Vendor Drop Ship

In this scenario, when a customer places an order with the retailer, the retailer then places an order with the vendor or supplier, who then ships the product directly to the customer.

Store-to-Store Transfer 

This involves moving products from one store to another to fulfill an online order for store pick-up.

The above fulfillment strategies are designed to drive online sales, increase in-store foot traffic, and maximize conversions. To effectively implement these strategies, businesses need to incorporate fulfillment data earlier in the shopping journey (read: before checkout).

Why Incorporate Fulfillment Data Early in the Shopping Journey 

Fulfillment data like accurate local store availability, delivery times, and shipping costs on the search results page and product detail page allows the customer to understand the total cost and timeline of their order prior to checkout.

Fulfillment data can also help manage customer expectations and reduce the likelihood of dissatisfaction or frustration caused by unexpected delays or costs. Additionally, providing fulfillment data earlier in the shopping journey can help retailers stand out from competitors by offering a more transparent and convenient shopping experience.

By providing detailed fulfillment data from the outset, retailers can build trust with customers and encourage them to make a purchase. Overall, incorporating fulfillment data earlier in the shopping journey is essential to creating a positive customer experience and improving overall satisfaction.

The Operational Side of an Effective Flexible Fulfillment Strategy

What the customer doesn’t see when they choose BOPIS or 2-day shipping is the complex operation workflows and processes that power those fulfillment options. All the above fulfillment strategies require an order management system that can optimize order sourcing, order routing, and fulfillment at pick, pack, and ship.

Optimizing Order Sourcing and Order Routing 

Optimizing order souring and routing will help you preserve order value and product margin, reduce labor and shopping costs, and maintain appropriate total cost to serve. Retailers, distributors, and manufacturers that use Kibo’s order extensibility gain flexibility in source and routing.

Flexibility in Sourcing Strategies 

Having sourcing flexibility can help retailers to respond quickly to market trends and shifts in demand, reduce supply chain risks, and optimize their cost structures. For example, a retailer may choose to source products based on nearest location during peak season to reduce shipping time or switch locations based on major weather events. They can also choose to source products based on factors like labor costs.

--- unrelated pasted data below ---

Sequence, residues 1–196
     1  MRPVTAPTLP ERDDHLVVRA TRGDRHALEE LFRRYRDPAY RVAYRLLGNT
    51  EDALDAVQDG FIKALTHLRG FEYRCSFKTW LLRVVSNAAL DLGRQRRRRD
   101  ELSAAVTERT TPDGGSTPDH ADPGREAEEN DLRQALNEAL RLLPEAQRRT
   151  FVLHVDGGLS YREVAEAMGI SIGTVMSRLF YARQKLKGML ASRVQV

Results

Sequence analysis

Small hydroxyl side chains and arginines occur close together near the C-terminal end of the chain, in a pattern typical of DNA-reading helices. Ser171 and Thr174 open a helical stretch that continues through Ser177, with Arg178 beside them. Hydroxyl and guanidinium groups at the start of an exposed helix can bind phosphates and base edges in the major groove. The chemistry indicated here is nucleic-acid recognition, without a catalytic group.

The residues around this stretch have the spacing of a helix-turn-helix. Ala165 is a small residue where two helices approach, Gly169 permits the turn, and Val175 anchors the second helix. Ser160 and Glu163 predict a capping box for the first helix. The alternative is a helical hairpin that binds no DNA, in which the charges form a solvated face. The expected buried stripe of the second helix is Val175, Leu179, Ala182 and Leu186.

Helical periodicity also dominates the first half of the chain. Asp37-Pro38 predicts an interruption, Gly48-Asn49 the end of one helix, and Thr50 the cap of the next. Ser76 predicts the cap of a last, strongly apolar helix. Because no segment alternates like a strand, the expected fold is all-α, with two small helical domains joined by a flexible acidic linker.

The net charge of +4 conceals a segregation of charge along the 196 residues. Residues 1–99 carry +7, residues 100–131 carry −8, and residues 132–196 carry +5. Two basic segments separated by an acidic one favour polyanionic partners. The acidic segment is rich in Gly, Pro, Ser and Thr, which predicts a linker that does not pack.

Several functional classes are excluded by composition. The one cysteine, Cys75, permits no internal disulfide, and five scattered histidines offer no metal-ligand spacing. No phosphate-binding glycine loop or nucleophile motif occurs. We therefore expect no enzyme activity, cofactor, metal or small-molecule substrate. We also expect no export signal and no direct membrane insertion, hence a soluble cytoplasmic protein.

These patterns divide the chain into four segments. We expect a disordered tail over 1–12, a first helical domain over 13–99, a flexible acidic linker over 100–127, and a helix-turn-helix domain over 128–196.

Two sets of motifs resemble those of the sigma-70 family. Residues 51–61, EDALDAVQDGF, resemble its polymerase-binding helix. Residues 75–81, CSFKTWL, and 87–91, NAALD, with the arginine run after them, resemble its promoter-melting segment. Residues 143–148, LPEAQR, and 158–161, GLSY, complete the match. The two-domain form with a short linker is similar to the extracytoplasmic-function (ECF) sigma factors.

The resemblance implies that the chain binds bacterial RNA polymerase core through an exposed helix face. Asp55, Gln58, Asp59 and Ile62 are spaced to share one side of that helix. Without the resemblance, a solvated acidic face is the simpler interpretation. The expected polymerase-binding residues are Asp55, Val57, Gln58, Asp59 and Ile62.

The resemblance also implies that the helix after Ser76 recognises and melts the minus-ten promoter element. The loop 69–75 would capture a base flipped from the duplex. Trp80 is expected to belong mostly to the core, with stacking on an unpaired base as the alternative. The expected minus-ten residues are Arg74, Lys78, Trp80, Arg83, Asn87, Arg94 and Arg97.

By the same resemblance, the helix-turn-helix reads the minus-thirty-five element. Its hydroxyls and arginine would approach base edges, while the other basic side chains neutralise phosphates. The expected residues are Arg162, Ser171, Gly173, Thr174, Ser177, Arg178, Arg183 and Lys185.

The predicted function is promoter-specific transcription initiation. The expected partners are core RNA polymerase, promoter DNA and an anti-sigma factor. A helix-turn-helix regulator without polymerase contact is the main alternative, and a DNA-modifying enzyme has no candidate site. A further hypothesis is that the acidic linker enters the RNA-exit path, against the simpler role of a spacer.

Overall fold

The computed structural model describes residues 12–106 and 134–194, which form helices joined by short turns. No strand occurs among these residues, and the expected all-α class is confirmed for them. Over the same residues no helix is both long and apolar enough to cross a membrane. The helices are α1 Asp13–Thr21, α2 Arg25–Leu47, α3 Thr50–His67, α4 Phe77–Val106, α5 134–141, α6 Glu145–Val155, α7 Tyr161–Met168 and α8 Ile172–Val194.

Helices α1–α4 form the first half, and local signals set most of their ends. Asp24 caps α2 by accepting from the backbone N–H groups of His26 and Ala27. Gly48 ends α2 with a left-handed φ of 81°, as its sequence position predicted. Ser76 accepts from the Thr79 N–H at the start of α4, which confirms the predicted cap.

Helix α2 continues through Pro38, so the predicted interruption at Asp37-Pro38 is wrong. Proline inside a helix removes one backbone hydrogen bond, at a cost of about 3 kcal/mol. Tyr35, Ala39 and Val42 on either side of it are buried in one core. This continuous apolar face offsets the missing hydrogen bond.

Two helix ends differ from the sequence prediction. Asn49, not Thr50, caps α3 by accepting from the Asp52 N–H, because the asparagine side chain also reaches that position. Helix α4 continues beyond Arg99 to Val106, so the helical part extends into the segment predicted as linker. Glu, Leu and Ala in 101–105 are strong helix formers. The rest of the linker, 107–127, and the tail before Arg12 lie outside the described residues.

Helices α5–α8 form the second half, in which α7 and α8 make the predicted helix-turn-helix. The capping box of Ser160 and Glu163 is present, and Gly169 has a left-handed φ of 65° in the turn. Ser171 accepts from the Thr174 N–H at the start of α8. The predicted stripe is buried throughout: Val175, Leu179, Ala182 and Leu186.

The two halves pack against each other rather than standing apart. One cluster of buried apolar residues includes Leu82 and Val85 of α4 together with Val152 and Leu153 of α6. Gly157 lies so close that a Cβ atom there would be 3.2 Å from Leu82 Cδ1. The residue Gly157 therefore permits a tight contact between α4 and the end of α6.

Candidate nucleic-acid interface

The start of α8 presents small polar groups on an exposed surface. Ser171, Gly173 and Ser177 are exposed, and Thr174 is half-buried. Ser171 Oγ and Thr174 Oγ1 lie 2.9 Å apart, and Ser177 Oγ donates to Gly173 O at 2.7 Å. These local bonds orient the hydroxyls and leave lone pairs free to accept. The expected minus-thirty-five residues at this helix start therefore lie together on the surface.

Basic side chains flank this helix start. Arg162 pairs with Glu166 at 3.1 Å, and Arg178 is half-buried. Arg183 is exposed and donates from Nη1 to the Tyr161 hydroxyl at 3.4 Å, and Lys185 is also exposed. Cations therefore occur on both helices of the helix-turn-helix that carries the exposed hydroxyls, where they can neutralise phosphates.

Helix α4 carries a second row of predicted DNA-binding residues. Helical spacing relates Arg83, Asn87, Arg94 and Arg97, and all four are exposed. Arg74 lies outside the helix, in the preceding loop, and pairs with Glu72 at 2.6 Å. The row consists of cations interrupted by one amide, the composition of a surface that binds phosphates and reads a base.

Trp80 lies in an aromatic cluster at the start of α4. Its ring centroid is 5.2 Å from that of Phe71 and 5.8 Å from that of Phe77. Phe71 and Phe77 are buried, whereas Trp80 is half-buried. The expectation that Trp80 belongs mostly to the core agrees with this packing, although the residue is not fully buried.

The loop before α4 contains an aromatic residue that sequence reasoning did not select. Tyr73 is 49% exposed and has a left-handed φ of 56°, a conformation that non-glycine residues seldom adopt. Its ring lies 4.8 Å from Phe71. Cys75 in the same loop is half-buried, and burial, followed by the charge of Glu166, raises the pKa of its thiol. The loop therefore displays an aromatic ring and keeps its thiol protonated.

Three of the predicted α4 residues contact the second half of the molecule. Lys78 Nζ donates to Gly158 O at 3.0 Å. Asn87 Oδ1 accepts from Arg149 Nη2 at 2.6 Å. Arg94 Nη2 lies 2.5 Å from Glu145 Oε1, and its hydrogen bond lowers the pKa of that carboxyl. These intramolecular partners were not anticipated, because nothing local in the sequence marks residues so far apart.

Leveraging a flexible sourcing strategy can help you manage and meet customer expectations while streamlining operations. For example, you can throttle sourcing from stores by order volume to avoid overwhelming a location with fulfillment. Or you can use geographic proximity and order splitting to source from the location closest to the delivery address to meet same-day delivery promises.

Flexibility in Routing Strategies 

Flexible routing refers to the ability of a company to dynamically route orders to different fulfillment centers or stores based on various factors such as inventory levels, distance, and shipping speed. This can help retailers, distributors, and manufacturers to optimize their supply chain operations and meet customer demand more efficiently.

In fact, a study found that optimized order routing can reduce delivery costs from 10-30%.

For example, if a customer orders a product that is out of stock in their local store, a retailer with flexible order routing capabilities may choose to fulfill the order from a different store or a centralized fulfillment center that has the product in stock. This can help improve fulfillment times, fulfillment rate, and reduce shipping costs.

Flexible order routing can also be used to optimize inventory levels across different stores or warehouses. For example, if a retailer has excess inventory of a particular product in one location but is experiencing high demand for that product in another location, they can use flexible order routing to redirect orders to the location with excess inventory.

Optimizing Fulfillment at Pick, Pack, & Ship 

By optimizing fulfillment at pick, pack, & ship, you can improve operational efficiencies, lower costs, and drive customer satisfaction.

Business Process Management for Fulfillment Workflows 

Business Process Management (BPM) for fulfillment workflows refers to the practice of using technology and process automation to optimize the various steps involved in fulfilling customer orders, from order receipt to delivery. BPM for fulfillment workflows can help retailers to improve efficiency, reduce errors, and enhance the customer experience.

Here are some examples of BPM practices for fulfillment workflows:

  • Order tracking: Track orders through every step of the fulfillment process, from order receipt to delivery, to help improve visibility and reduce the risk of errors.
  • Warehouse management: Improve efficiency and reduce costs by optimize warehouse operations, such as inventory management, order picking, and packing.
  • Shipping and delivery: Automate shipping and delivery processes, such as carrier selection, label printing, and delivery tracking, improve delivery times.
  • Returns management: Manage returns and exchanges, including processing returns, issuing refunds or exchanges, and updating inventory levels.
  • Customer communication: Automate customer communication, such as order confirmation emails, shipping notifications, and delivery updates to reduce the workload on customer service teams.